After years of piecemeal US military operations vaguely advancing ill-defined goals, the American position in Syria, and its vast collection of allies and enemies is so inscrutable that the State Department tried, and failed, to clarify what the US position actually is.
President Trump is being described as downright confounded about what to do about the Turkish invasion of Syria earlier this week, which sees the NATO member nation sending troops into Afrin District to attack the US-backed Kurdish YPG forces there.
In the immediate term, the US can, and largely has, chosen to ignore this and urge calm, though with US troops embedded in Kurdish territory elsewhere in Syria, including Manbij, Turkey’s talk of expanding the invasion would quickly put them in the line of fire.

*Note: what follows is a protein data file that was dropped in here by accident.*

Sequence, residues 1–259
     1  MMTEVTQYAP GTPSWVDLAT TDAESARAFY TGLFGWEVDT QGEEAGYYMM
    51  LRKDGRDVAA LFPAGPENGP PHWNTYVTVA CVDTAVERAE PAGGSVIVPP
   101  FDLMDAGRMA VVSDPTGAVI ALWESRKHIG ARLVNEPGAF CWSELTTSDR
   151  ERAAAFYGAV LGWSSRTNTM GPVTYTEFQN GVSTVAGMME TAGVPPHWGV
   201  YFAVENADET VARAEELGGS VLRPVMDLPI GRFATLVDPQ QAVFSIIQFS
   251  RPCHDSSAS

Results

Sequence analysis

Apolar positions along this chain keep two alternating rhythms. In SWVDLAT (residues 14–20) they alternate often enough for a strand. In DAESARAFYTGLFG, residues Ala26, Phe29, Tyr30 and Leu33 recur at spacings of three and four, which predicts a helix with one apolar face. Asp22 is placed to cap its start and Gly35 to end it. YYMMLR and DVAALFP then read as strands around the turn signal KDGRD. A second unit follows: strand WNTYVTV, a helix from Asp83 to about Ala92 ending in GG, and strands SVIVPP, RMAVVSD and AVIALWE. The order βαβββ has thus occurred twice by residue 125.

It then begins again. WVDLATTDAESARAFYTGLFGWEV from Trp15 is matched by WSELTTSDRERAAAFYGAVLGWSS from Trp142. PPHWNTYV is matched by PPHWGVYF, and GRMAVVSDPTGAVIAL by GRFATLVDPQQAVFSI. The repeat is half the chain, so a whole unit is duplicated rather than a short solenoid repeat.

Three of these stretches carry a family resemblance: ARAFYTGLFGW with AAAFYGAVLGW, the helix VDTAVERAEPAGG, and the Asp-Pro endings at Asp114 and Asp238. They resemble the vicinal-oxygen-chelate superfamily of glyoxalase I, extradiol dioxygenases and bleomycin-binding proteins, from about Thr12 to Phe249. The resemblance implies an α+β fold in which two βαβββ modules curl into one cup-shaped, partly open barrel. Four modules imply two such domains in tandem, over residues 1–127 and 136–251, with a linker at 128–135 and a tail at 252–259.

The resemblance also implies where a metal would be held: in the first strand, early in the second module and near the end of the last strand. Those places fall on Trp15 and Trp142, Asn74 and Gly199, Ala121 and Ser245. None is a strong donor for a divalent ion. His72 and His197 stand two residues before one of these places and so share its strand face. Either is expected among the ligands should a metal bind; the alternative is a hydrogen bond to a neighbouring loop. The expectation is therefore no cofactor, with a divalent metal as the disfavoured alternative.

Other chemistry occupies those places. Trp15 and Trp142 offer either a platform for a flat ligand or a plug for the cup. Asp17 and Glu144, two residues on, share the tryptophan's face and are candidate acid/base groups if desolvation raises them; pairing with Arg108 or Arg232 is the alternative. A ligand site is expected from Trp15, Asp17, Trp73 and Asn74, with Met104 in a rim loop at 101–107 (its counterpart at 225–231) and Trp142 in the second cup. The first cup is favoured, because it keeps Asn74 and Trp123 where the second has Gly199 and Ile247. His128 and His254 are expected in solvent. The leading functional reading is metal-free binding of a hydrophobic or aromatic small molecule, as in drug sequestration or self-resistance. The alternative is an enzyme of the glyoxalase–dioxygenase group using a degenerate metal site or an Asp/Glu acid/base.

It’s not as if this problem is a sudden surprise. Turkey’s been threatening the Kurds for years, and has been complaining about the US backing the Kurds more or less constantly in that same period of time.
Publicly, the US has long dismissed Turkish concerns, backed the Kurds, and assumed the situation would blow over. Now that it’s come to a Turkish invasion, US officials don’t appear to have any particular strategy on how to deal with this growing war.
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